Custom orthotics are specially made devices designed to support and comfort your feet. Prescription orthotics are crafted for you and no one else. They match the contours of your feet precisely and are designed for the way you move. Over-the-counter shoe inserts can add additional cushioning and support, but they’re not made to address your foot issues. Only prescription orthotics can accommodate your unique foot structure.
We use orthotics to treat foot problems such as:
• Plantar fasciitis;
• Diabetic foot ulcers; and
• Foot, ankle, and heel pain.
How Prescription Custom Orthotics Differ From Shoe Inserts
Shoe inserts may come in a variety of shapes and sizes, but they’re not custom-designed for your feet. Orthotics are only manufactured after a podiatrist has conducted a complete evaluation of your feet and ankles. A podiatrist will examine your feet and how you walk; he or she will carefully listen to your complaints and concerns and assess the movement and function of your lower extremities. Some also use
advanced technology to see how your feet function when walking or running.
The information gathered during the exam will help your podiatrist determine if shoe inserts might be helpful or if you need prescription orthotics. If orthotics are needed, your podiatrist will capture a three-dimensional image of each of your feet. That image, as well as any measurements obtained by your podiatrist, is used to create a set of unique foot supports that will improve your foot movement and lead to more comfort and mobility.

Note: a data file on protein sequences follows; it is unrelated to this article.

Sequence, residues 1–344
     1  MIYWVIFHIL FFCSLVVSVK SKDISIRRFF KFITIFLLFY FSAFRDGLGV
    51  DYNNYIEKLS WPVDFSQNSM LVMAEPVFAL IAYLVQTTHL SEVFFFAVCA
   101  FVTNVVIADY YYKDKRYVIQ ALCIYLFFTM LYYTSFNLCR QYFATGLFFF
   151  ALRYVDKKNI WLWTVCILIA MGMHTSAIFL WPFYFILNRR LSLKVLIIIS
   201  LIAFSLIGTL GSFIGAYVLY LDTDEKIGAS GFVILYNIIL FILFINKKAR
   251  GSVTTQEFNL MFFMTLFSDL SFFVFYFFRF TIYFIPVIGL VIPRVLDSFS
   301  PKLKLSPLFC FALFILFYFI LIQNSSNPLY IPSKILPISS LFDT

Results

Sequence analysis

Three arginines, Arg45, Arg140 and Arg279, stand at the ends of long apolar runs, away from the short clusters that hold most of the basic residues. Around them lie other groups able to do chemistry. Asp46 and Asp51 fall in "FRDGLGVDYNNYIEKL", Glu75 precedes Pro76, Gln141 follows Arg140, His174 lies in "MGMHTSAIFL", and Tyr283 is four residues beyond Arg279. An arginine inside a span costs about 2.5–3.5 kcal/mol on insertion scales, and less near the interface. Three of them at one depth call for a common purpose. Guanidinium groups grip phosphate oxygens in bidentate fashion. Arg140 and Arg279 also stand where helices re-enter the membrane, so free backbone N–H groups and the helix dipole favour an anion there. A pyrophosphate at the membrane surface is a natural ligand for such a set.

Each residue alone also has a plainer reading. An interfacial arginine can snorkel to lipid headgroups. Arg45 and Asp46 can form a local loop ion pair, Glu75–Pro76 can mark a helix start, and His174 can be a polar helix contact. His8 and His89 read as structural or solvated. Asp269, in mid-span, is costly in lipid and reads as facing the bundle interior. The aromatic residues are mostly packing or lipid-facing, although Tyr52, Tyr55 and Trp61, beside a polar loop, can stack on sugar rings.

Prescription orthotics are divided into two categories:
• Functional orthotics are designed to control abnormal motion. They may be used to treat foot pain caused by abnormal motion; they can also be used to treat injuries such as shin splints or tendonitis.
Functional orthotics are usually crafted of a semi-rigid material such as plastic or graphite.
• Accommodative orthotics are softer and meant to provide additional cushioning and support. They can be used to treat diabetic foot ulcers, painful calluses on the bottom of the foot, and other uncomfortable conditions.